Penn Medicine hospital's immediate jeopardy lasted 5 hours

In November, CMS placed a Penn Medicine hospital in immediate jeopardy for five hours after a possible preventable death. The corrections were published in late February. 

Footage from the Philadelphia-based system's Cedar Avenue location shows a behavioral health patient falling and delayed chest compressions on Nov. 3, according to a CMS report. Upon admission, the patient refused vital signs and "would not engage with staff when they encouraged her to sit down in [the] kitchen or dayroom," the report said. 

Upon arrival at the hospital, the patient was leaning between the wall and a walker, and at about 9 p.m., she fell to the ground and did not move. Two nurses straightened her out, but a pulse could not be found. A crash cart, vital sign machine and nurse supervisor then arrived. 

About seven minutes after she fell, a rapid response nurse began compressions. A defibrillator pad and ambu bag were used. Resuscitation ended at about 9:26 p.m., and the patient was transferred to the morgue by 10 p.m.

A CMS assessment revealed the facility did not have policies for post-fall assessments and assessment of patient's vital signs during admission. One of the nurses on the scene was also unsure how to call a code and left the patient to grab a computer. 

"Failure to immediately assess the patient and provide rapid emergency response may [have] contributed to the patient's death," CMS' report said. 

Cedar Avenue — a campus about 2 miles away from the system's flagship hospital — was cited for deficiencies in patient rights, care in a safe setting, nursing services, organization of nursing services and supervision of contract staff. Cedar Avenue offers emergency, inpatient and behavioral health services, according to its website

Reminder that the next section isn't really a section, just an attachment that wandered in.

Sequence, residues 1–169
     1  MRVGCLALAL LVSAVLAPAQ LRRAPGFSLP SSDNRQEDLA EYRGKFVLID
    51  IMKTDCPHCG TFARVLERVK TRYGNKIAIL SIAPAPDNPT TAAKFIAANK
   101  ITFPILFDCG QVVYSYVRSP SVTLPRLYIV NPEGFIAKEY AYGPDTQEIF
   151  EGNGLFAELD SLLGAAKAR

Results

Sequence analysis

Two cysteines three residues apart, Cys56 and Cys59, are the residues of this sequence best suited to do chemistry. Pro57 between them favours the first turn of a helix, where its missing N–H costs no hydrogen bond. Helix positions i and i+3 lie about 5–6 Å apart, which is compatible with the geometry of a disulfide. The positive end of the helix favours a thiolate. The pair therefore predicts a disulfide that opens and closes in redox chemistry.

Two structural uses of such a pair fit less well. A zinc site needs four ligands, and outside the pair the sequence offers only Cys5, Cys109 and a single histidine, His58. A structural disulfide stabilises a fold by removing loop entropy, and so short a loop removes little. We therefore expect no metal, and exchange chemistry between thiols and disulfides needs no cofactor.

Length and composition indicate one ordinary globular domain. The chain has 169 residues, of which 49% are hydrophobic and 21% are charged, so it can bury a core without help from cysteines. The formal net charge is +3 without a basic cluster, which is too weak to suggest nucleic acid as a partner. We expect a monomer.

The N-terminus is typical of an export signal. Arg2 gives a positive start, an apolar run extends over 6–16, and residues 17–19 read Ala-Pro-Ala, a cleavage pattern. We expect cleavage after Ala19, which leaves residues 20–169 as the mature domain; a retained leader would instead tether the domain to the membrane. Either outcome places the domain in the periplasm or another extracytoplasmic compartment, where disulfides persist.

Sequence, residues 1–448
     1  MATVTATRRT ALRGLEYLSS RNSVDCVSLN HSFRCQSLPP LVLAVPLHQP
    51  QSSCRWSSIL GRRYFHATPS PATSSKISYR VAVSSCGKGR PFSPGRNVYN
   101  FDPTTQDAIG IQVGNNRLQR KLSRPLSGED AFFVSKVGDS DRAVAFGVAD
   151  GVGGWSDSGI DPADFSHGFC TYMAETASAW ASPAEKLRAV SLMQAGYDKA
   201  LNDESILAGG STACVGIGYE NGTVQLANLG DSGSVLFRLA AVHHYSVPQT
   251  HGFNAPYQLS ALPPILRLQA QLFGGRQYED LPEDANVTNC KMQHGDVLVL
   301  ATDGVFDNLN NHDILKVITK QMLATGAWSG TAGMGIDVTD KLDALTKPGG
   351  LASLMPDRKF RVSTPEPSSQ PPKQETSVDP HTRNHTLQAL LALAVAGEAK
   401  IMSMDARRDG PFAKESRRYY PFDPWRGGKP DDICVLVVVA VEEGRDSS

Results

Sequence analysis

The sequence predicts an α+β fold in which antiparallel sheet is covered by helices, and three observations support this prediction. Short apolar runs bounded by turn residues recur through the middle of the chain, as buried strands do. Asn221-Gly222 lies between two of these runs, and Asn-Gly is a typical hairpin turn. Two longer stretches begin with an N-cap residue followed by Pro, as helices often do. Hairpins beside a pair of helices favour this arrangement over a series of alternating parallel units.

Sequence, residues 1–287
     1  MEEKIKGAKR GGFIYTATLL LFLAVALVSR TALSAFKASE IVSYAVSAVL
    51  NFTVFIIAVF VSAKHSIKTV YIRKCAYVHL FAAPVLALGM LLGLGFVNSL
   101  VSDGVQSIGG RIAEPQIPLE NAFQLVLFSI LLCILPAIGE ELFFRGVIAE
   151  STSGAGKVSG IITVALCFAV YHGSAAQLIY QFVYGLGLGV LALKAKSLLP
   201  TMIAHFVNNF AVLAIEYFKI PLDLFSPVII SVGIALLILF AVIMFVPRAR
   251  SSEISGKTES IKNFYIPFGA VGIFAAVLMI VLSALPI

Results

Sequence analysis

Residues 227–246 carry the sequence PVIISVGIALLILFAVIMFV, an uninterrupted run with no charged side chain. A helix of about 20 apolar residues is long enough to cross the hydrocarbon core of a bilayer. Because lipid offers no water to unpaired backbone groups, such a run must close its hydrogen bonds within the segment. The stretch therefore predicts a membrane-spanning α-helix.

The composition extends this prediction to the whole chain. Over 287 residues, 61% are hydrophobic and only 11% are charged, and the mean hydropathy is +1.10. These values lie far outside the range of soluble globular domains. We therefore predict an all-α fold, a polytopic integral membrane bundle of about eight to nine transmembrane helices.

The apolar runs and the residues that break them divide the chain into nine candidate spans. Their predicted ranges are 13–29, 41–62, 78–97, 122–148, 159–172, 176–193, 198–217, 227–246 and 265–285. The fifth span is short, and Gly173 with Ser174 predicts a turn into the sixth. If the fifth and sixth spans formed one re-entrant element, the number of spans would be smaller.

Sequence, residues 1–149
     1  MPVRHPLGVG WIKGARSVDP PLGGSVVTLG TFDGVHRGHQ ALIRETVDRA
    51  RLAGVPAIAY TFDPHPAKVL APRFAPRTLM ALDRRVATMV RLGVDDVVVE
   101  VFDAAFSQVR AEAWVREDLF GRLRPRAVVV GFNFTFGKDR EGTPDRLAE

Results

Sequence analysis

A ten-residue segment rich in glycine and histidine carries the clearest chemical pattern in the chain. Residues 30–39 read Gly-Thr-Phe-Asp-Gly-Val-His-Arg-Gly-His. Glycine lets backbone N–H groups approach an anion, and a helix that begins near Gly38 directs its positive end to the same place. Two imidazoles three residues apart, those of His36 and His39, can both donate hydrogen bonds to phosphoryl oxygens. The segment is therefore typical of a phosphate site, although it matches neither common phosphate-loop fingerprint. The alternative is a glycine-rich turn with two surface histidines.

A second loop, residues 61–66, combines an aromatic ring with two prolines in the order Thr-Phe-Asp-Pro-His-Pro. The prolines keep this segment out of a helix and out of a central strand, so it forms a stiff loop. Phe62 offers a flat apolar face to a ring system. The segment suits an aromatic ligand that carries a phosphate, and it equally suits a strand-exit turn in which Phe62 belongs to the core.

The hospital submitted its correction plan less than five hours after the immediate jeopardy was issued, and CMS and the state's health department approved the plan. On Feb. 26, CMS published the correction plans for the nursing services and contract staff supervision citations.

"Patient safety is an essential cornerstone of care across Penn Medicine," a spokesperson for the Philadelphia-based system told Becker's. "Our plan of correction demonstrates how seriously we take this commitment. We are saddened by the loss of this patient and are fully cooperating with the Centers for Medicare and Medicaid Services and the Pennsylvania Department of Health in connection with this matter."

Copyright © 2024 Becker's Healthcare. All Rights Reserved. Privacy Policy. Cookie Policy. Linking and Reprinting Policy.


Featured Whitepapers

Featured Webinars